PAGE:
Minnesota state government shutdown affects those selling alcoholWhile some establishments selling alcohol in the state of Minnesota may be scrambling because their alcohol buyer’s cards have expired, most sellers in Douglas County appear to be covered for the time being.
By: Wendy Wilson, Alexandria Echo Press
While some establishments selling alcohol in the state of Minnesota may be scrambling because their alcohol buyer’s cards have expired, most sellers in Douglas County appear to be covered for the time being.
The Echo Press contacted management personnel from four area businesses whose state buyer’s cards were due to expire June 30. The managers said they received the cards and were able to continue purchasing and selling alcohol.
Laurie Trainor, owner and manager of the Green Iguana Bar and Grille near Glenwood, said they received their buyer’s card just two or three days before the shutdown, although they had submitted payment weeks earlier.
The possibility of MillerCoors being required by the state to pull their products from Minnesota shelves was a tough pill for some local restaurant/bars and liquor stores to swallow.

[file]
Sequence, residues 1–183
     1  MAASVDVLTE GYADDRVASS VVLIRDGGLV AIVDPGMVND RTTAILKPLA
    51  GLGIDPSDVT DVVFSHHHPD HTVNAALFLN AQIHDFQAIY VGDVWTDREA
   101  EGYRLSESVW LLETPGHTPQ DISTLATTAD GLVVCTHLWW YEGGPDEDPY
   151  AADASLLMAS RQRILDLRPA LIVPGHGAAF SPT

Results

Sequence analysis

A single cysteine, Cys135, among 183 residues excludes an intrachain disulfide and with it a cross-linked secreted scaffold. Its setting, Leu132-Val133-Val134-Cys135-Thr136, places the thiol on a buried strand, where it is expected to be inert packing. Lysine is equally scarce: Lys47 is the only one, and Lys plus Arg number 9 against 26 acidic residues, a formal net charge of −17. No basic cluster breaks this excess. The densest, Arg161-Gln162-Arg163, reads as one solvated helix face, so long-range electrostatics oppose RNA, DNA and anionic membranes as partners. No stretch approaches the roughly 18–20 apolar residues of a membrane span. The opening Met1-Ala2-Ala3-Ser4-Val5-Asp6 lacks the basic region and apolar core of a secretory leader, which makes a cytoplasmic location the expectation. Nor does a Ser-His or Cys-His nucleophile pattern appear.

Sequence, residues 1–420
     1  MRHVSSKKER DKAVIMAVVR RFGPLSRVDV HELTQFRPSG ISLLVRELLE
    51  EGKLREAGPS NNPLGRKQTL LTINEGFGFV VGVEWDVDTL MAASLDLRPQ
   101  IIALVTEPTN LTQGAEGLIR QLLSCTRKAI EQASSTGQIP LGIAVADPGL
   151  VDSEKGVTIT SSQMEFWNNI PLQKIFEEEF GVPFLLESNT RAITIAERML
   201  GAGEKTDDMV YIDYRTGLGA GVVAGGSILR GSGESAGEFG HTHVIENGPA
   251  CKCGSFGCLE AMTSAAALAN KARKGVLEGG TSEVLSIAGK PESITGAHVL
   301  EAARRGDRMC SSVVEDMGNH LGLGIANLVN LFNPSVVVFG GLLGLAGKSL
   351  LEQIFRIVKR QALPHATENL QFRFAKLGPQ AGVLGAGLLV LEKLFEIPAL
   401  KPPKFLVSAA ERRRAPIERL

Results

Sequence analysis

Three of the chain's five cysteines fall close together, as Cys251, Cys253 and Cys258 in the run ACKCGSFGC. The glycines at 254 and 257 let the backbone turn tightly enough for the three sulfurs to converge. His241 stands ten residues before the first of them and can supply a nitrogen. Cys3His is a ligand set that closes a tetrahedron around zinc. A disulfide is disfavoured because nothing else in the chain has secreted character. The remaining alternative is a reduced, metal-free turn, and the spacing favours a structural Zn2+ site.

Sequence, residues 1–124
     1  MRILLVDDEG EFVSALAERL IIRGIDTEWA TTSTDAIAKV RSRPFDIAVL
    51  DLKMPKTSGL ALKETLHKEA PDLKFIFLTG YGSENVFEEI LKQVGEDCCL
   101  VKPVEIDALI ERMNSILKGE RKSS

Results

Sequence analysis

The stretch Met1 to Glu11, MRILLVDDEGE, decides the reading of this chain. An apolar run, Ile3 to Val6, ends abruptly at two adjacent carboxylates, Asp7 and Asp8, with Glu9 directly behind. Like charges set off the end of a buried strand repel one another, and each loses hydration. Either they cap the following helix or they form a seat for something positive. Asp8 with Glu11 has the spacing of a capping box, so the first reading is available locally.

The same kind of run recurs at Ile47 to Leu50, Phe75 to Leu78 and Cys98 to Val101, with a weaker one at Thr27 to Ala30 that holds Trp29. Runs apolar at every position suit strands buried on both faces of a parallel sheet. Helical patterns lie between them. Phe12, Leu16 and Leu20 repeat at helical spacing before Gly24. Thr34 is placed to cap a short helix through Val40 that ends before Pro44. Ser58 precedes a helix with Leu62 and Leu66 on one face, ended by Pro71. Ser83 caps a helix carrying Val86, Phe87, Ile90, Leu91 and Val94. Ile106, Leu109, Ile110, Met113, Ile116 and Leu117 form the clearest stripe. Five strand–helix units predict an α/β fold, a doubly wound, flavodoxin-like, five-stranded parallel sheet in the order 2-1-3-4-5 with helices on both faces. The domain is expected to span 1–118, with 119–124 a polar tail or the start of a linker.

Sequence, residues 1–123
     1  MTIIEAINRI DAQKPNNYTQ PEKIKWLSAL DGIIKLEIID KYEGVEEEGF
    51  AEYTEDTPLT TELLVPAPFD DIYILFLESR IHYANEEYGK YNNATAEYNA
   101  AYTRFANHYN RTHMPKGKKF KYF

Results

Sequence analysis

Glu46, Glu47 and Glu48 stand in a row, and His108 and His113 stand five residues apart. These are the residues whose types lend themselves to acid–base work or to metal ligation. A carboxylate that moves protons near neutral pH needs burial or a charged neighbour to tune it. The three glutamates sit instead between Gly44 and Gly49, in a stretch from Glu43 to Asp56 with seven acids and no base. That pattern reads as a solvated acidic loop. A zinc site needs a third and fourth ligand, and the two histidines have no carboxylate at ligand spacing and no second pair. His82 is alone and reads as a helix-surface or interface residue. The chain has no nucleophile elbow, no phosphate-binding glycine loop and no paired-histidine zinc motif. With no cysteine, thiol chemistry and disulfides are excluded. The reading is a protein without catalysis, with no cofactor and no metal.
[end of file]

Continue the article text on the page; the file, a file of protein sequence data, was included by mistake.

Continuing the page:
MillerCoors reportedly was told by Minnesota’s Department of Public Safety that it had to pull its brands from shelves and halt distribution in the state because of expired brand licenses. It appears MillerCoors will fight the measure.
“If they come to take the beer away,” said Herby Dahl, “you might as well lock your doors if you don’t have any beer to sell.” Dahl owns Herby’s Bar, Grill and Café in Carlos.
Cashwise Liquor in Alexandria was not planning to make any hasty changes.
“At this point, we just consider this to be a matter between [the government and MillerCoors] and we will continue to sell their products until further notice,” said Emily Coborn, manager of communications at Coborn’s Inc., the owner of Cashwise.
But if MillerCoors were required to pull its products, the Geneva Golf Club in Alexandria would feel the impact in its business, according to Jerry Hesse, restaurant manager and chef at the club.
“It would affect a lot of people and it would certainly affect what the people are drinking,” Hesse said. “For golfers, especially, beer is kind of the beverage of choice on the golf course.”
Trainor agreed with the popularity of the MillerCoors brands.
“It definitely would hurt us,” she said of having to pull MillerCoors brands from the Green Iguana. “I know that Coors is our biggest, way biggest seller. I personally think it’s a bunch of crap that the state can mess with our livelihoods.”